Also try to maintain a low stress environment. If this isn’t possible for you, try to take some time out every day to practice calming techniques. (I’m sorry, this is sounding very yoga instructor-y, but it’s not meant to.) Although, yoga is actually recommended for people with migraines because it does help you to practice calming techniques that can relieve tension and stress (two things that trigger migraines!)

Lastly, when you feel a migraine coming on, take medicine immediately. Whether this is over-the-counter ibuprofen or prescription meds, it doesn’t matter. The medicines are meant to block the pain and stop the migraine from happening, the faster you can take the medicine, the better it will work.

So, now let’s move on to: I have a migraine, now what do I do???

There are many different medicine regiments for migraines specifically, and this is one of those things you and your doctor are going to have to work out for you as an individual. Unfortunately, like I said before, migraines are difficult to treat due to the wide range of symptoms and severity per individual. Due to this, some people may need nothing more than a couple of Ibuprofen once in a while, while another person (as in my case) may need prescription medication.

Something doctors are recommending for everyone who experience migraines is to cut caffeine almost completely from your diet. By doing this, you will actually be able to use it as a treatment for your migraines in the future. For example, if you have a caffeine-free diet, the next time you feel the onset of a migraine, drink two strong cups of coffee and lie down in a dark room. This could stop the headache before it even gets to the migraine stage.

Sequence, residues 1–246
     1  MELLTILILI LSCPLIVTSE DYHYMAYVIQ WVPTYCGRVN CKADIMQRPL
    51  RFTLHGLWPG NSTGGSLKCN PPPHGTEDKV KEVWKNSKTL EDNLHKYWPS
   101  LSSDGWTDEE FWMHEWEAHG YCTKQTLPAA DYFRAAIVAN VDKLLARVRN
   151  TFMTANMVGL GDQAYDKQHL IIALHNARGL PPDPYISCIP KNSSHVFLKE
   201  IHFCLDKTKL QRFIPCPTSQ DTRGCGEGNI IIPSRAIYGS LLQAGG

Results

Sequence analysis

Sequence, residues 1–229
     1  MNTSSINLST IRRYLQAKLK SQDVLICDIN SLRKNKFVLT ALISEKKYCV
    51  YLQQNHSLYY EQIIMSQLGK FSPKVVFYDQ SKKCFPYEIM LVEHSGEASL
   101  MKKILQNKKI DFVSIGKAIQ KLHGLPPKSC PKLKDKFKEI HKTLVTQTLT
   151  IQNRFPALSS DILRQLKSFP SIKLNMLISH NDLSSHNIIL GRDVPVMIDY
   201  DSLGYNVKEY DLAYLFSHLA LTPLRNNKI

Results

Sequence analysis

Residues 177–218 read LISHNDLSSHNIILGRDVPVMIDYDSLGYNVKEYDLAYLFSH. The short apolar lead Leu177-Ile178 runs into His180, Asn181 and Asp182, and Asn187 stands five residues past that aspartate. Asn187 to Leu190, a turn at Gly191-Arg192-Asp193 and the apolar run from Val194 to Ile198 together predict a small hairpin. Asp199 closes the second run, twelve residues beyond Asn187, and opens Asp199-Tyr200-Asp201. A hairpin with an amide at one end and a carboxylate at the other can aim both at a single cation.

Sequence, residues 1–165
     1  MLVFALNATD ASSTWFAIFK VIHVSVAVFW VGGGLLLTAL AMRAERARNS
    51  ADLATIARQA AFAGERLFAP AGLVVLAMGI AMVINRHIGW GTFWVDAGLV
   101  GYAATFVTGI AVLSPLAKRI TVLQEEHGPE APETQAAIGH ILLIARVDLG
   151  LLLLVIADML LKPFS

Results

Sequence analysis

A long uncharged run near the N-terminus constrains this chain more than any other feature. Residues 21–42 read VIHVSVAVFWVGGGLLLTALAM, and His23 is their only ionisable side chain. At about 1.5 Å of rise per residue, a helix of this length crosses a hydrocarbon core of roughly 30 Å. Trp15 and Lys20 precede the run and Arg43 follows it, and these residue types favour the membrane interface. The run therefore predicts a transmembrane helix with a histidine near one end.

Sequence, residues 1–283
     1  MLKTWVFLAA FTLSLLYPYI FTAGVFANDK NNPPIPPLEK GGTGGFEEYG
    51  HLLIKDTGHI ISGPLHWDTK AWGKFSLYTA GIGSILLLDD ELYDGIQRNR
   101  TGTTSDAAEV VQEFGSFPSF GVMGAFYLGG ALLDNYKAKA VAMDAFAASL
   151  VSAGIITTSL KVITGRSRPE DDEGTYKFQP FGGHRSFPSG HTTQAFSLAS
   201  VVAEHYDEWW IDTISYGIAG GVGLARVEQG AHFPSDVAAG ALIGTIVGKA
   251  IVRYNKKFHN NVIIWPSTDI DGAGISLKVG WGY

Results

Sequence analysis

Other over-the-counter medicines can be used as well (again, this is whatever works for the individual). If I find that I have a headache I feel could possibly turn into a migraine, I first go to the Excedrin Migraine medicine in my cabinet. This mini-cocktail of a few different medicines and caffeine helps to prevent the headache from becoming a migraine. Unfortunately, these types of medications (especially ibuprofen) can have serious side effects if taken too frequently. They may cause ulcers or gastrointestinal bleeding, so if you find you are taking more than what is recommended on the packaging OR you’re taking the max amount every day, it might be time to talk with your doctor about a prescription medication that could work for you.